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by David Brakhage
When you are out hunting or watching ducks, the coloration of the birds' feathers is one of the first things you notice. Each species has its own distinctive plumage, which is invaluable when trying to identify birds in the field. A drake pintail's long twin tail feathers, white underparts, and soft brown topside can be easily distinguished from a male wood duck's squared-off tail feathers and multicolored plumage.
Feathers are indeed among the defining characteristics of waterfowl and other birds. Birds, in fact, are the only animals that have feathers. And while feathers have many specialized functions, their most important jobs are to protect birds from the elements and to enable flight. In bitter cold, wintry conditions feathers are a duck's first line of defense.
Waterfowl have three types of feathers: contour, flight, and down. Contour feathers collectively serve as a protective outer shell. Each feather is composed of a central shaft with a continuous series of paired vanes that line up on opposite sides of the shaft. Tightly interlocking barbules line the edge of each vane and hold them together like Velcro. They overlap one another much like shingles on a roof, forming an almost impenetrable barrier to wind and moisture. Feathers are also held in place by specialized muscles just under the skin. Using these muscles waterfowl can fluff up their feathers and move them back into position at will.
Located on a bird's wings and tail, flight feathers are a variation of contour feathers that are designed to withstand the stress and strain of flight. Because they must support a bird's weight in flight, they are connected directly to ligaments or bone for greater structural integrity. Unlike body feathers, flight feathers have vanes of unequal width and are always narrower on their leading edge. This characteristic, which is especially obvious in primary flight feathers, helps provide lift and forward propulsion in flight.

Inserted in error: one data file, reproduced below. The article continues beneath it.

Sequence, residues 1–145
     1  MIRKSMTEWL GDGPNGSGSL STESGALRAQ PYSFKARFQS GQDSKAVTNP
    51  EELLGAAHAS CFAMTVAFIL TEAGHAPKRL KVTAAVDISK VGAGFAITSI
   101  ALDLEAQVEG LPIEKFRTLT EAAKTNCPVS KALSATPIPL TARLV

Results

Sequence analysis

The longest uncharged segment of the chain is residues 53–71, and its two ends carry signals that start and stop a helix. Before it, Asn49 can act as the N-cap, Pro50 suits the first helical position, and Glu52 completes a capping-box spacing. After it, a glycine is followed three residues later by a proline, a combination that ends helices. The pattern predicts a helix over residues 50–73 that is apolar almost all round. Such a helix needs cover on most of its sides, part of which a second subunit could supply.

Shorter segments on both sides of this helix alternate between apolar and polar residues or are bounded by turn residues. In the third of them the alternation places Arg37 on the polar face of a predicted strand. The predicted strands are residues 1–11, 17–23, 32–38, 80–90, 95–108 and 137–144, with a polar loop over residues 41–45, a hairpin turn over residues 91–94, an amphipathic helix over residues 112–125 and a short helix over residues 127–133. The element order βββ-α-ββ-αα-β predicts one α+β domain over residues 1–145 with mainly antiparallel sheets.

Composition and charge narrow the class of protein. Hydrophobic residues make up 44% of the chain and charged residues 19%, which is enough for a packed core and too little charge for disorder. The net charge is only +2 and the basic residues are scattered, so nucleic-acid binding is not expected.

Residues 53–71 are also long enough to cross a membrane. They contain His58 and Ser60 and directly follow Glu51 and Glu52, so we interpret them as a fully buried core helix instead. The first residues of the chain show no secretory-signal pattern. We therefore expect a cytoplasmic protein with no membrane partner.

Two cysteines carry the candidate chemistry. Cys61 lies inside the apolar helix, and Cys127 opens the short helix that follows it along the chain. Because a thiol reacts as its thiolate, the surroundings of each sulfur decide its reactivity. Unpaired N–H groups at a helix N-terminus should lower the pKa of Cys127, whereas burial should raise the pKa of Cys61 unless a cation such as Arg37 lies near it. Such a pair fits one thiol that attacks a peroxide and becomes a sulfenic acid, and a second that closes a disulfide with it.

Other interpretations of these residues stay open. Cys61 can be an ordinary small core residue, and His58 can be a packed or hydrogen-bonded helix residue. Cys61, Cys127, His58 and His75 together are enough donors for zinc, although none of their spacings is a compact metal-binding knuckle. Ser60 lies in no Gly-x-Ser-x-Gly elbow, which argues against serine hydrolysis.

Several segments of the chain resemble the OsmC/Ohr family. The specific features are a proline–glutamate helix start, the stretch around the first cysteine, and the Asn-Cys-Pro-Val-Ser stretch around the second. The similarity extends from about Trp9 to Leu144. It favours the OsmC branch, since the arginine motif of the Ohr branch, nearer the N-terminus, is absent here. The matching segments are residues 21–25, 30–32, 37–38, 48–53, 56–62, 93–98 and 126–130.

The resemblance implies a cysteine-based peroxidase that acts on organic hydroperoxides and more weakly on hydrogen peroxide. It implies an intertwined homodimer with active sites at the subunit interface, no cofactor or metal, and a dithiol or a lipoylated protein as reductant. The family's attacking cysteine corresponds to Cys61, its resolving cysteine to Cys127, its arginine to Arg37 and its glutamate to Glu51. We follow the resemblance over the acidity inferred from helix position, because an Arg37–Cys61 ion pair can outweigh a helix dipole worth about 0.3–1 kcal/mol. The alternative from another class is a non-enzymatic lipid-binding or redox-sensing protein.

Down feathers serve as an inner layer of insulation that traps warm air against a bird's body. They have a short shaft and no interlocking barbules, giving them a light, fluffy appearance. Before the advent of modern synthetic insulation, duck and goose down was widely used by people to line blankets, clothing, and sleeping bags. Even today, the warmth-to-weight ratio of eider down is still unsurpassed when dry.
Have you ever wondered just how many feathers are on a duck, goose, or swan? While the absolute number of feathers on waterfowl is unknown, reports in scientific literature indicate the number varies by species. Researchers counted 14,914 feathers on a pintail, 11,903 on a mallard, and 25,216 on a tundra swan.
Interestingly, smaller birds often have more feathers than do larger ones. Swans are a notable exception because of their long necks, which are covered with a large number of small feathers. Roughly 80 percent of the feathers on a tundra swan are found on the bird's head and neck.
Female waterfowl also use down to line their nests and keep their eggs warm. During the egg-laying process, hens pull more and more down from their body, creating a bare patch on their abdomen. This "brood patch" allows females to more efficiently transfer heat from their bodies to the eggs. When hens leave the nest for brief periods during incubation, they pull a layer of down over their eggs with their bills to protect them and keep them warm while they are away.
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